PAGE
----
21 Jun Plus ça Change
Cannes Lions’ changes need to go further to keep pace with industry evolution
Cannes Lions’ revamped Festival of Creativity is underway, and as I’m about to board a cramped easyJet flight into the heart of the rose-fuelled madness, I’ve been thinking about what the festival will hold this year, and wondering if Cannes Lions’ shake up this year will set it up to remain relevant for our industry in the future.
Representing an independent social creative agency gives me a slightly different perspective from people traveling under the steam of the global holding companies, mega-brands, and tech conglomerates.
For me, the festival is about the chance to award creative campaigns and ideas that are driving change in the industry, setting the standard for those of us with the ambition to evolve how we work and what we can offer clients.
But is Cannes still the best place to find that inspiration? This year I’ve found myself as meeting clients at rival festivals including SXSW, Mobile World Congress, CES and Kinsale Sharks as much as in the south of France, all with strong reputations for being leaders in technology and building a following for doing things a bit differently, where you can look to the future of society, rather than an ad man’s idealised version of it.
This week, we’re all looking to Cannes for inspiration and innovation, but will the festival come up with the goods?
The 2018 Cannes Festival will see a number of changes, including some new categories brought in, and some of the more irrelevant ones dumped. There are also changes to the entry system that mean that entries will be capped to six Lions categories, so one piece can’t be entered for an absurdly high number of awards, hopefully allowing the best work in each category to stand out.
No one will mourn the loss of the Cyber, Integrated or Promo & Activation Lions, but for me, the new categories, including Creative eCommerce, Social & Influencer, Industry Craft, Sustainable Development Goals and Brand Experience & Activation don’t go far enough, in terms of providing the inspiration that we crave and giving Cannes the scope to keep up with how fast the industry is evolving.
At Honey, we’ve been working with influencers and in social creative marketing since we formed the agency nearly four years ago, and the campaigns that we’ve created in that space for clients as diverse as JBL, Cheetah Mobile or F1H2O have been not only incredibly effective but creative as well.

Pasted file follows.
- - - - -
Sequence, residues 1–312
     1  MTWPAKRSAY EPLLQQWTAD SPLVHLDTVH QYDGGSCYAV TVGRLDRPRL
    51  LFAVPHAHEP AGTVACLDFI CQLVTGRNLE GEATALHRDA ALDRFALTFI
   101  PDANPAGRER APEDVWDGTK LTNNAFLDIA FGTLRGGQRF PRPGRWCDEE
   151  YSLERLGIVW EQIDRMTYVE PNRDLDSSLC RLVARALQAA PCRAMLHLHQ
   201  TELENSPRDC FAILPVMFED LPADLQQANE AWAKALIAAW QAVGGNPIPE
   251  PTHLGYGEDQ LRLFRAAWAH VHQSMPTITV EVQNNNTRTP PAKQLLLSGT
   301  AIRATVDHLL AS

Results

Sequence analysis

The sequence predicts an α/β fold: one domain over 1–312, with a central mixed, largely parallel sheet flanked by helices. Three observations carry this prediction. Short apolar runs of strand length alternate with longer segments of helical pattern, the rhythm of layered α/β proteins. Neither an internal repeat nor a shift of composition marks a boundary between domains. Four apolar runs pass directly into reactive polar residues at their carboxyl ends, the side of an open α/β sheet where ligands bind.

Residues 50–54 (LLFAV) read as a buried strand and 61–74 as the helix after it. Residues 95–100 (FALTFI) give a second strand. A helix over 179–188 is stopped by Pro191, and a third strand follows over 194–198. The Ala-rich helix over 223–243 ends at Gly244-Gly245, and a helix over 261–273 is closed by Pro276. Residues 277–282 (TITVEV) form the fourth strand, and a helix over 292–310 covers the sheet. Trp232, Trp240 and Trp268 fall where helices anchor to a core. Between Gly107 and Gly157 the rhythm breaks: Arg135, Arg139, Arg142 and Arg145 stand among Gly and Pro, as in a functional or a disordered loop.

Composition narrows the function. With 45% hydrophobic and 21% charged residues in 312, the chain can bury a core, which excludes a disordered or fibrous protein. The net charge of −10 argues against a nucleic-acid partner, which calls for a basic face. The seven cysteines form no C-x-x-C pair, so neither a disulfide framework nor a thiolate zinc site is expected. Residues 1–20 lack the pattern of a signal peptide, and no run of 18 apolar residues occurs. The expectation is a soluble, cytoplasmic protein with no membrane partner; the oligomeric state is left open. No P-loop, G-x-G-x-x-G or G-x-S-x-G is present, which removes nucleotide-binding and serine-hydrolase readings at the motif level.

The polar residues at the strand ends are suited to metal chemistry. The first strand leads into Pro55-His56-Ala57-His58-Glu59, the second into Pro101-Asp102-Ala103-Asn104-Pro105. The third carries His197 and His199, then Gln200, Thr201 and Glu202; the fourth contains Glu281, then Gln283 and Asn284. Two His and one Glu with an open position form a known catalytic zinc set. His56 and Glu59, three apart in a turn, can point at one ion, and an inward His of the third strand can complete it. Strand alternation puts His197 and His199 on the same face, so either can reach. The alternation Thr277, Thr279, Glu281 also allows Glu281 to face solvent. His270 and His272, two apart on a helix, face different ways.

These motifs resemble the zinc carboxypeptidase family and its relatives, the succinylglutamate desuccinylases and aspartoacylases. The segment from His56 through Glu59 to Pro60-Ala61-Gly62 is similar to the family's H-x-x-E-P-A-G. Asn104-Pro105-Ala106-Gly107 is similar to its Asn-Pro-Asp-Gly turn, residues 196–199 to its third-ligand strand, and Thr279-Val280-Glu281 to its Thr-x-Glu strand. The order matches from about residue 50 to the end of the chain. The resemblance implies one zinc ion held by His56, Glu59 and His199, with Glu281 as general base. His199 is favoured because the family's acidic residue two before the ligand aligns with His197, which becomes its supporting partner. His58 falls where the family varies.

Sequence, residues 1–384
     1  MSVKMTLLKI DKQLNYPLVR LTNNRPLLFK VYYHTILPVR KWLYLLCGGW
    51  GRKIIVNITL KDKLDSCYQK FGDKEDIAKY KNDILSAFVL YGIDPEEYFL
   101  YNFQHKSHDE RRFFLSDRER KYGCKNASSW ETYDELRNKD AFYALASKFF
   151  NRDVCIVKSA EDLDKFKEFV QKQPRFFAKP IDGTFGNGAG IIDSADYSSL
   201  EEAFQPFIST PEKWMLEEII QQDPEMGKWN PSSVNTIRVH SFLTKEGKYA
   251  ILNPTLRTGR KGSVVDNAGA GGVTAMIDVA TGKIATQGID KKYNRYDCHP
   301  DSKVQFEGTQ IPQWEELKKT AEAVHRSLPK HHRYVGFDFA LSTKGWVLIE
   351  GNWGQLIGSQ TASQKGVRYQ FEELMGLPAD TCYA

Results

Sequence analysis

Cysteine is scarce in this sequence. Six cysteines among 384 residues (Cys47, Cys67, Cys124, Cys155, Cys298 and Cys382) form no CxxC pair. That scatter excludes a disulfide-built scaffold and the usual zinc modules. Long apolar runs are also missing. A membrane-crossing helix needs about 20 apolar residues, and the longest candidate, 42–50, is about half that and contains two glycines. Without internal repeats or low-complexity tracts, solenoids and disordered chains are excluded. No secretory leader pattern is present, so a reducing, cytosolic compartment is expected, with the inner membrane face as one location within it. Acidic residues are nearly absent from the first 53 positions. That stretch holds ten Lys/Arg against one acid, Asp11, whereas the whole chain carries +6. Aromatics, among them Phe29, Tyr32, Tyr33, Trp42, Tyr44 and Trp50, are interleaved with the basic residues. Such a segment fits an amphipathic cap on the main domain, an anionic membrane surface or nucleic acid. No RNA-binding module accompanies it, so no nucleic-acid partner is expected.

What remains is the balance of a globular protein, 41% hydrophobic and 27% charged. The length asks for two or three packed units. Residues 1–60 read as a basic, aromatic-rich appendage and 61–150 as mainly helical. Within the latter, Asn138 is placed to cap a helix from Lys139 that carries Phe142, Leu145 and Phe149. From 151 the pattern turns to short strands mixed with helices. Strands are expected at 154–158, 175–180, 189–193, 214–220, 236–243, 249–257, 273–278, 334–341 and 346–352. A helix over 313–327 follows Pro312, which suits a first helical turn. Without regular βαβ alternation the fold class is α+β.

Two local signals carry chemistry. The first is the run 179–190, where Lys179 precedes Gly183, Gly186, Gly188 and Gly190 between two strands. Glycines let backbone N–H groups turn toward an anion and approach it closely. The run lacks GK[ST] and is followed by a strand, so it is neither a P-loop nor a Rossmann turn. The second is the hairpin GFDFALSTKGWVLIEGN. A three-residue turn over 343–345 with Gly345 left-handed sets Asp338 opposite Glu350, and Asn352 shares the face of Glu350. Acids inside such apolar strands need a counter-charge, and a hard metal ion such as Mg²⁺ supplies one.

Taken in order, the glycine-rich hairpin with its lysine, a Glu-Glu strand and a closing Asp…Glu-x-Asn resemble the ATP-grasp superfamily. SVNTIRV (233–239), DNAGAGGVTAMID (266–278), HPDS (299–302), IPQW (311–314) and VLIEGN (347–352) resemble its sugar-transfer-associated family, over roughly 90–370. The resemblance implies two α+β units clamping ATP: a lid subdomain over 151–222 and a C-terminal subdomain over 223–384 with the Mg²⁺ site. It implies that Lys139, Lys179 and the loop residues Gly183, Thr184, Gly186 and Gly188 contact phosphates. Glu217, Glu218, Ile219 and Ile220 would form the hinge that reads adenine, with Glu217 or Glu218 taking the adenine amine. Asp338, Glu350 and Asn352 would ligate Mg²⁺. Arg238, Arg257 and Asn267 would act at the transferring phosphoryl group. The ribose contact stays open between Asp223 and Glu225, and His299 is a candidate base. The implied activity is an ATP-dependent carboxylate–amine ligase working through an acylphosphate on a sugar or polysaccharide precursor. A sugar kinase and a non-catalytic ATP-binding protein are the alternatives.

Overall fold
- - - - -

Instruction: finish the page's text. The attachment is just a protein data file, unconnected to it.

For me, categories celebrating social are going to do little more than big up the platforms that Cannes is courting, such as Facebook, Google, Snapchat, and Spotify. Similarly, ones celebrating purpose or e-commerce are great ways of connecting with people and deserve a spot on the awards roster, but look to confirm the status quo rather than shake up how we currently work.
I fear that these changes have been brought in to encourage and placate holding companies such as Publicis, who threatened to quit the festival last year, but have been talked into showing up, or to make sure the social platforms who will buy up the ad space on the side of the Palais or host a party on a prime private beach get the recognition they want.
It’s up to the judges to look beyond that, and to contenders to enter creative ideas that can genuinely impact how we work and show clients new ways to connect with people, not remind them about the platforms and opportunities that – for many of us – are simply part of our day to day.
As any decent marketer knows – once you start to lose relevance, it’s hard to get it back. Cannes will only maintain its place in the industry if it’s at the forefront of where we are heading, providing the inspiration and innovation that curious marketers constantly crave. These changes seem like the festival is on the back foot, forced into change because the industry pushed back, rather than trying to set the tone for the industry.